Retired Johns Hopkins neurosurgeon Ben Carson was confirmed by the Senate on Thursday to lead the Department of Housing and Urban Development, a position that President Donald Trump has described as central to his effort to revitalize the nation's cities.
Carson, 65, who has no experience in government or housing policy, sailed to confirmation on a largely party-line vote Thursday morning and took the oath of office later in the day. Republicans have said the renowned pediatric neurosurgeon and former presidential candidate will bring fresh perspective to a bureaucracy that helps millions of Americans pay the rent and has extensive reach in the mortgage market.
The Republican-controlled Senate confirmed Carson, 58-41, with six Democrats and one independent joining all Republicans in support. Maryland's two Democratic senators — Ben Cardin and Chris Van Hollen — both opposed Carson's confirmation.
"Right now, our country is the patient," Carson said at his swearing in. "And it's not a Democrat or a Republican patient. ... It's an American patient.
"We have a duty to use the gifts that God has given all of us in order to heal that patient."
Sen. Mike Crapo, the Idaho Republican who chairs the Senate Banking, Housing and Urban Affairs Committee, said he looked forward to working with Carson on issues such as ending homelessness and streamlining federal regulations at the department.
"There really is an excitement for his leadership to be brought to the department," Crapo said. "I look forward to having a strong partner at HUD."
Carson escaped poverty in Detroit to become an internationally celebrated physician. He lived in Baltimore County while practicing at Hopkins.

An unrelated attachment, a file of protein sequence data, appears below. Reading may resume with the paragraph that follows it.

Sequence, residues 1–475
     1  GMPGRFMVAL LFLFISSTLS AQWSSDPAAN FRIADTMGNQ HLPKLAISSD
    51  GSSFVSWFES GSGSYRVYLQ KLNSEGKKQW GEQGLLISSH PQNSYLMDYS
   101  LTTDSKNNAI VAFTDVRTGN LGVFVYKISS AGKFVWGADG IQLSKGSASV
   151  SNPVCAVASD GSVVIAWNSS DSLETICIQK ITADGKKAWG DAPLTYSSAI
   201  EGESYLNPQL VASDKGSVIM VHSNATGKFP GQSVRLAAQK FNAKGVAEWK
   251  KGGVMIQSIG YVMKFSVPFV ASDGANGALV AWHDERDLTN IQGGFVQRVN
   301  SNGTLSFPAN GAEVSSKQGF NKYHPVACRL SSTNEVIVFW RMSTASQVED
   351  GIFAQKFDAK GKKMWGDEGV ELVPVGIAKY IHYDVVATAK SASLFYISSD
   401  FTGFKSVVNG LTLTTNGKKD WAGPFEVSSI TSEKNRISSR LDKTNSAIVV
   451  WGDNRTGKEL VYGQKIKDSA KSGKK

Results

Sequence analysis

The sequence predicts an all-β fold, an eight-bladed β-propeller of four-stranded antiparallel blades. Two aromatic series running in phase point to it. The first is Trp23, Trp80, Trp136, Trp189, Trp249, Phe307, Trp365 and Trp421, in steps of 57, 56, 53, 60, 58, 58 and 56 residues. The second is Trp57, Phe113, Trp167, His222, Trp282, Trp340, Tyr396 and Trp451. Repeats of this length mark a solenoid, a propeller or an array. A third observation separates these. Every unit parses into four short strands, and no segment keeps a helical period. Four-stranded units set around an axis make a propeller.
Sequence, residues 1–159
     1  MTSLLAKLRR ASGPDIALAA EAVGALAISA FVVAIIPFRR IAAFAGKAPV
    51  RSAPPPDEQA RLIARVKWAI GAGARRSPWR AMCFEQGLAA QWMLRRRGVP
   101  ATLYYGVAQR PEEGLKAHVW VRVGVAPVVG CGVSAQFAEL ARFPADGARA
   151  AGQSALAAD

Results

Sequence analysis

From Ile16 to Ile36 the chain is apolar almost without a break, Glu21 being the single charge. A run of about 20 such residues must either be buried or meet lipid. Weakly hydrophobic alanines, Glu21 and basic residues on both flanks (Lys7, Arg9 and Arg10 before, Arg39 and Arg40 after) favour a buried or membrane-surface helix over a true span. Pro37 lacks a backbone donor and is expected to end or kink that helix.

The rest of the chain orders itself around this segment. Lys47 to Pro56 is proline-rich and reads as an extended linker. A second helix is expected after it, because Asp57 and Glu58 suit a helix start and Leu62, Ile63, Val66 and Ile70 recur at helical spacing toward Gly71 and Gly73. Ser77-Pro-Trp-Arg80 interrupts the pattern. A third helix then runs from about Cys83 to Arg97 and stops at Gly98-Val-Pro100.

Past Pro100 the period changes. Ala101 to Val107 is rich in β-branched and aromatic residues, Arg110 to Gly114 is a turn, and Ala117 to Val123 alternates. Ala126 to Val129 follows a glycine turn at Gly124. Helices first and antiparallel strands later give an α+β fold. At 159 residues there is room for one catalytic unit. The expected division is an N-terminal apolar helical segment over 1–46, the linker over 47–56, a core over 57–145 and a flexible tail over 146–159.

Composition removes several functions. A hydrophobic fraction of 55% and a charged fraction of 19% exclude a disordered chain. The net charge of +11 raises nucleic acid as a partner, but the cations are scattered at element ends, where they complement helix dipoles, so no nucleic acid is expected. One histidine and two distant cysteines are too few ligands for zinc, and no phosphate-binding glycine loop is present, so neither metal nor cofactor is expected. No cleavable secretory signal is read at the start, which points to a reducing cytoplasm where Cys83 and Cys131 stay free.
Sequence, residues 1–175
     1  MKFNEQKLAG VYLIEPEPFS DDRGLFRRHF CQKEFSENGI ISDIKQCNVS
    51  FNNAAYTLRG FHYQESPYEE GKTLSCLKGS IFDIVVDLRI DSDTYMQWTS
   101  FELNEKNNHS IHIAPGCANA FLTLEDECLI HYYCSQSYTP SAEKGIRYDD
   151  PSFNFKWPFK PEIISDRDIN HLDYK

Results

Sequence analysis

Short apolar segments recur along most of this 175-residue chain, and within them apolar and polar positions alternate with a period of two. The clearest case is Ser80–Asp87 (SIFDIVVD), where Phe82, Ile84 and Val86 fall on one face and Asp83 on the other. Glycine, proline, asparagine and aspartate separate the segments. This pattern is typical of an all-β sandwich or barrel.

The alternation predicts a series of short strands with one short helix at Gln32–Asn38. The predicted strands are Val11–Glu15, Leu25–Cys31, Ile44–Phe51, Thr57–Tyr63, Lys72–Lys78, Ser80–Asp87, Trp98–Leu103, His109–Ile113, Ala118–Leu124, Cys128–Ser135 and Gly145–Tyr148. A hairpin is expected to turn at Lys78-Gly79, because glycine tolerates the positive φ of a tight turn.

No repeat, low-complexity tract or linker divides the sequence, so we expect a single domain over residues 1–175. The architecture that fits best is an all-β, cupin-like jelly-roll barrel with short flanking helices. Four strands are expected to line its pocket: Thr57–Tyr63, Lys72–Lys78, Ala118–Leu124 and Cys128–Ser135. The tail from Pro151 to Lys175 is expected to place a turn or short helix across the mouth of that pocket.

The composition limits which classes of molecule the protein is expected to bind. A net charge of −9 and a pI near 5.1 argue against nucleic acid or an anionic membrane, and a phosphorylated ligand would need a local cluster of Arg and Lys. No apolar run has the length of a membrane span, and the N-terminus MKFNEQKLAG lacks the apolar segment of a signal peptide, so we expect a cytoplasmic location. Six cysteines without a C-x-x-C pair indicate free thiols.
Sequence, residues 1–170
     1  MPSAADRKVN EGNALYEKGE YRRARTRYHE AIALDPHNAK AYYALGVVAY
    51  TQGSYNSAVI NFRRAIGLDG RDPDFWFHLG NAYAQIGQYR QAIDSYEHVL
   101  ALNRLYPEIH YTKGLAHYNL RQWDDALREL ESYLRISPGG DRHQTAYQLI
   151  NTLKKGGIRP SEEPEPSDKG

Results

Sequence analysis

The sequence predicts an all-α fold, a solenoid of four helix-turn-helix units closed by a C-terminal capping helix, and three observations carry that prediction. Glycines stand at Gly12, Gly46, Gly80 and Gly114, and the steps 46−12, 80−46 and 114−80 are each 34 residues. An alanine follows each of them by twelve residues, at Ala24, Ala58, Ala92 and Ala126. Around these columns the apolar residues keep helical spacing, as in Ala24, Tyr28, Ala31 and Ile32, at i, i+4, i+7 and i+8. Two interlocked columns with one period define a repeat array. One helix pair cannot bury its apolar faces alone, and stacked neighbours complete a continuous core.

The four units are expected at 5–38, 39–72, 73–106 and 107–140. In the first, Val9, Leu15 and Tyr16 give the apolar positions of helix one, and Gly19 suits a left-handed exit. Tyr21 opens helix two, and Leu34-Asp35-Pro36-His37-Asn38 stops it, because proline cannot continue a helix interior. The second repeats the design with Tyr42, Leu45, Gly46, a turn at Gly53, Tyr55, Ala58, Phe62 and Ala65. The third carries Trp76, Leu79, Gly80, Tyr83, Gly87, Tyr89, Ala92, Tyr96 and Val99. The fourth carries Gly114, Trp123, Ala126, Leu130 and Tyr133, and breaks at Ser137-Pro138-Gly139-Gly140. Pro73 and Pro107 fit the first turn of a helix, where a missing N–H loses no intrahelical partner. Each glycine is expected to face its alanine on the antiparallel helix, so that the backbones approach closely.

Carson promised during his confirmation hearing in January to begin his tenure with a "listening tour." He said he would later develop a comprehensive plan for the department.
The only African-American in Trump's Cabinet, Carson will oversee a department with 8,000 employees and a budget of nearly $50 billion.
Trump has frequently discussed his desire to revitalize cities — the president tends to use the term "inner cities," and has named Baltimore several times — but has yet to offer a specific plan to address joblessness, struggling schools and crime that confront many of those communities.
Trump has said he and Carson are "going to do great things in our African-American communities together."
"Ben is going to work with me very, very closely," Trump said during a visit last month to the National Museum of African American History and Culture.
"HUD has a meaning far beyond housing," he said. "If properly done, it's a meaning that's as big as anything there is."
The department has taken on a more expansive role in the mortgage market since the housing collapse of 2008 through its Federal Housing Administration, which provides mortgage insurance. Some Republicans would like to see that role reduced to minimize taxpayer risk. Others say it has made mortgages affordable to more Americans.
Carson will face a national shortage in low-income housing. The National Low Income Housing Coalition on Thursday reported a shortage of 7.4 million affordable housing units for extremely low-income households. The coalition said there are just 35 units available for every 100 very-low-income families nationwide.